Author Aaron Bunce started his academic career in criminal justice, but eventually connected his life-long love of literature with his passion for writing. He attended and graduated from Southern New Hampshire University’s English and creative writing program. His first novel, The Winter of Swords, is an introduction to his lush and dark fantasy world, Denoril, and the first entry in the six-part series, Overthrown. The second and third installments, Before the Crow and A March of Woe are now available, with the fourth, The Prince of Orphans due next. 2019 marked the release of The Delving, the first book in an all-new supplementary series, helping to build the lore and world showcased in Overthrown.
Beyond fantasy, Aaron also introduced readers to his new science fiction horror series, NecroVerse. Detailing the struggle of miners extracting ore from the asteroid belt, Unleashed (August 2019), and then Exodus (December 2019), tells a delightfully dark story, weaving together strands of rich science fiction, gruesome horror, and adventure along with some beautiful, kick butt ladies. The third novel in this science fiction series, Titan, is due out first quarter 2020.
Besides writing, Aaron is constantly searching for a portal to other worlds, working to keep his two daughters from taking over the world, and supports his wife’s desire to vacation in Skyrim. Check out his website http://www.aaronbunce.com for information on current books, series, as well as news on upcoming releases.
About the Narrator: Matthew E. Berry
Matthew E Berry began his audiobook career in 2017. “The Delving” is his 12th audiobook performance. His recent credits include “Lovesick” by Jon Athan, “Dreamscape Adventures Inc.” by C.A Gray, and “Trail of Blood” by Keith Latch and Steve Wands. Check out www.mattheweberry.com for all current information.
Hi Matthew, and thank you for being here with us!
How did you wind up narrating audiobooks? Was it always your goal or was it something you stumbled into by chance?
I had no idea I wanted to do this until I did. I wrote a novel 15 plus years ago that should really never see the light of day. About 5 years ago I began another novel that I wrote half of and never finished. I have a very hard time working on things as ADD apparently has my mind constantly changing courses. However, the half written book was a touch better than my first and I wondered if I had it published in book format, what the process was for turning it into an audiobook. Investigating that information, I found ACX. When I found out I could audition to narrate a title and be involved in the world I desperately wanted to be a part of, without my fingers sitting on a keyboard and not typing, I knew I had to give it a try.
Are you an audiobook listener? What about the audiobook format appeals to you?
Most definitely! I love audiobooks and if I am not performing them, I am likely listening to them. I love the power of words and a good story. As my life began to get busy and my time to read grew less, something had to give. Unfortunately, reading for fun is what was given up. With audiobooks, I get that back as I can listen to the story told by amazing performers while I perform other tasks that typically are boring and/or monotonous.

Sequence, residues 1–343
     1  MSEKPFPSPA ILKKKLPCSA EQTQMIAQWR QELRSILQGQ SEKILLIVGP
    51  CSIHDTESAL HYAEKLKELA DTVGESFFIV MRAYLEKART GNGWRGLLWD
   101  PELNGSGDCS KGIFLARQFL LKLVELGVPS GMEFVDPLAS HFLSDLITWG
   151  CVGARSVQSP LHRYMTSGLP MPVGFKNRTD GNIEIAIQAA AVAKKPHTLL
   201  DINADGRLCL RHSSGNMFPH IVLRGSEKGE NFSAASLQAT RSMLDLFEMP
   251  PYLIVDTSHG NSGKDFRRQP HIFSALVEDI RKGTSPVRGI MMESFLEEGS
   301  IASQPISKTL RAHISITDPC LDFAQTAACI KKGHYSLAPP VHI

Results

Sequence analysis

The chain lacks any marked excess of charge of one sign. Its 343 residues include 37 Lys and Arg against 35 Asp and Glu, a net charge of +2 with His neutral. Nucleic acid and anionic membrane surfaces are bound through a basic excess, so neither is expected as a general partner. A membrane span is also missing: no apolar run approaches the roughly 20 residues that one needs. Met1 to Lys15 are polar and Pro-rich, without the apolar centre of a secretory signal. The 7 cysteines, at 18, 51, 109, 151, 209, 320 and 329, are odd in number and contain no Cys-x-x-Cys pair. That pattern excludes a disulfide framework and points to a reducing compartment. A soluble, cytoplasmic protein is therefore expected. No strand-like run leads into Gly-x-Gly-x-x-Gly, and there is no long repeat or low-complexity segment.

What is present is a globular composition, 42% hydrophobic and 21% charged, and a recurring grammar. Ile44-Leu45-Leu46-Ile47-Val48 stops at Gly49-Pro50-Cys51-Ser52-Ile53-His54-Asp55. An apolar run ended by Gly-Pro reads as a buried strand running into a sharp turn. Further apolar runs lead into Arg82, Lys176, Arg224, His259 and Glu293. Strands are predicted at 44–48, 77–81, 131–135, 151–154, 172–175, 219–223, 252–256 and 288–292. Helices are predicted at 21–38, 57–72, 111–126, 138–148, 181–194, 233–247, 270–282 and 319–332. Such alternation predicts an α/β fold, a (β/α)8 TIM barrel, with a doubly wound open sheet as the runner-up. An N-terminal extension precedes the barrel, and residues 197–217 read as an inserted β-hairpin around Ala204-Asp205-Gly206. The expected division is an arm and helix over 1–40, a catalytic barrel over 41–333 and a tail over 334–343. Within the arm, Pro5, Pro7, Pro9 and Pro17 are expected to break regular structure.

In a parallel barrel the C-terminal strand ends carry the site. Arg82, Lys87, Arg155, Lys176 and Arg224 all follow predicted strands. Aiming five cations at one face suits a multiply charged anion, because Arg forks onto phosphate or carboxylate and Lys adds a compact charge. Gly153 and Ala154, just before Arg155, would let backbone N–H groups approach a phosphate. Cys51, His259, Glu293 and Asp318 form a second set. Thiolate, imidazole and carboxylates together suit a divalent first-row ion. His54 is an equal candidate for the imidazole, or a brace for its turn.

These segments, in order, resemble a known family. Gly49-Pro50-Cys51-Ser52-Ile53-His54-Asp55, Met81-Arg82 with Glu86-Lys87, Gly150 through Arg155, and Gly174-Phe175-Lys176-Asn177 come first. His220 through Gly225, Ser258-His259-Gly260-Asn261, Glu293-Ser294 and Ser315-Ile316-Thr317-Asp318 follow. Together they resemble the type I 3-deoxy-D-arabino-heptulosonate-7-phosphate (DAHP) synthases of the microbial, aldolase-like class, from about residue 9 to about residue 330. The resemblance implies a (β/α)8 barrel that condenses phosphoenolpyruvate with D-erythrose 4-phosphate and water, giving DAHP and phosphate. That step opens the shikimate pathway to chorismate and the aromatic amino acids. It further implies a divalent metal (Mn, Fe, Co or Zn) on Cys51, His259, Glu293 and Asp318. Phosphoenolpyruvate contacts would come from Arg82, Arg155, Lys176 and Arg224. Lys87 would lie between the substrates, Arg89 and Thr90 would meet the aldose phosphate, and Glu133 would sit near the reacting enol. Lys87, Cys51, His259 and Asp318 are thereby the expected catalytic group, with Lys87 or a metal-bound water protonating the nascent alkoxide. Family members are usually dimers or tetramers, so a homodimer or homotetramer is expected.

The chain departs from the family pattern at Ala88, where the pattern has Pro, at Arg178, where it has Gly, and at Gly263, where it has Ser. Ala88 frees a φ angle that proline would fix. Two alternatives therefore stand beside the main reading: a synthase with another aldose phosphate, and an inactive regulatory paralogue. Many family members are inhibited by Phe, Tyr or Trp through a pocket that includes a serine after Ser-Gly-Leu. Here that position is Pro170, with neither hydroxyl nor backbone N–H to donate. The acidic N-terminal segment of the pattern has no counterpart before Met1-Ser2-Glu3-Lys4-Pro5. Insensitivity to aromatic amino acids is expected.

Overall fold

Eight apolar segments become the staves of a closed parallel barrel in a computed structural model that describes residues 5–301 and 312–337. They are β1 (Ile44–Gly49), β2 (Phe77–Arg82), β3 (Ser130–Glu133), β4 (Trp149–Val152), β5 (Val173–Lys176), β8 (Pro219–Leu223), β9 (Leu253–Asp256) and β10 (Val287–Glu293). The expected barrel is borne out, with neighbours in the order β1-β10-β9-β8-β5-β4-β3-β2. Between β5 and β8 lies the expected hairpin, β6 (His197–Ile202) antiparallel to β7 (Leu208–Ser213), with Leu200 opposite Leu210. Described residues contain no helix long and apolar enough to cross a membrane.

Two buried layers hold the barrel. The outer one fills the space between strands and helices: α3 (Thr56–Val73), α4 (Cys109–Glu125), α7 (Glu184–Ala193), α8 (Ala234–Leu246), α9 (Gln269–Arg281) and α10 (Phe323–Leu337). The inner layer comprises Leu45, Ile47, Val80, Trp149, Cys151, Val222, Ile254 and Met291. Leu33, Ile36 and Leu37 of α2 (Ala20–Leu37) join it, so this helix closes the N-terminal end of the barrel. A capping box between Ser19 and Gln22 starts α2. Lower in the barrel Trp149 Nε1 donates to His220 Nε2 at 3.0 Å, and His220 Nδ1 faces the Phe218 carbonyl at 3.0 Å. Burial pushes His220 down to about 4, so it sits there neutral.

What would you say are your strongest narration abilities?
I would say I am strongest whenever performing a character. I really delve deep into the lives of my characters and try to bring them through with my performance. I don’t have the “golden” voice many narrators have and honestly think that’s where I can use the most improvement. However, I love my characters…. Often a little too much as I start speaking in their voice or mannerisms at times… I’m not crazy, just a narrator.
Is there a particular genre you feel unsuited for? Have you ever declined a project because you didn’t think you were right for it?
At this point in my career, I am not sure how suited I really would be at non-fiction titles. I have been offered several non-fiction projects that I have not taken yet as I prefer titles that allow me to jump into character and create a life through my performance. While that is still possible in non-fiction, I just don’t know if I could bring the same “love and passion” to my performance. Perhaps as my narration career grows, so will my desire to perform non-fiction titles.
How closely do you prefer to work with authors?
This business is a bit funny when it comes to working with authors. I prefer to work directly with my authors to ensure a final product that “They” are proud of. However, once you begin to work with major publishers, the narrator may never discuss one thing with the author and authors often have very little say in the direction of the production themselves. I feel as though the consumer is going to get a much better product if I deliver the performance when I have had a chance to discuss with the authors about their ideals and directions to character.
How did you decide how each character should sound in this title?
The first thing I usually do is discuss character accents or mannerisms with the author. I typically ask for a casting sheet if they were to cast these characters for a movie, who would they pick. That doesn’t always transfer over well, but after I go through the first read of a book, I usually get a good feeling as to who these characters are and how they should be represented. It’s not always perfect, which is when closely working with the author pays off. Aaron was terrific with offering guidance on the characters and when the right voice is found it truly is exciting.
What types of things are harmful to your voice?
There is likely a large list of things including caffeinated beverages…However, the main things that seems to stop production for me is allergies and asthma. Both medical issues really change the way your voice is perceived and maintaining the same caliber of production in either case is usually a fruitless endeavor.
Do you read reviews for your audiobooks? If so, which ones stand out to you most, positive or negative?
I make it a point to read all reviews of my performances. The negative reviews can be helpful in some cases, but in others I don’t understand what happened in people’s lives that they think they have to troll other people to feel good about themselves. I couldn’t ever imagine leaving a 1 star review, as I refuse to be that person. I will always find something I like about other people’s artistic endeavors, even if I don’t like everything as a whole. Regardless though, all the positive feedback and reviews stand out so much more! It makes being involved in the business very rewarding. I love my fans and really appreciate when they reach out to let me know how much they enjoyed my performance.
Who is your “dream author” that you would like to record for?
There is this really great author by the name of Aaron Bunce…. Oh wait… just a sec….. Other than Aaron and some of the other fabulous authors I have already gotten a chance to work with, I would really like to work with Brandon Sanderson and/or Stephen King as I am a big fan of both.
What’s next for you?
I am currently finishing up the 4th book in the Stephen Moorehouse Mystery Series, “The Monarch Graveyard” by James R Nelson. Once that is complete I will begin production of Jon Athan’s novel “Maneater”.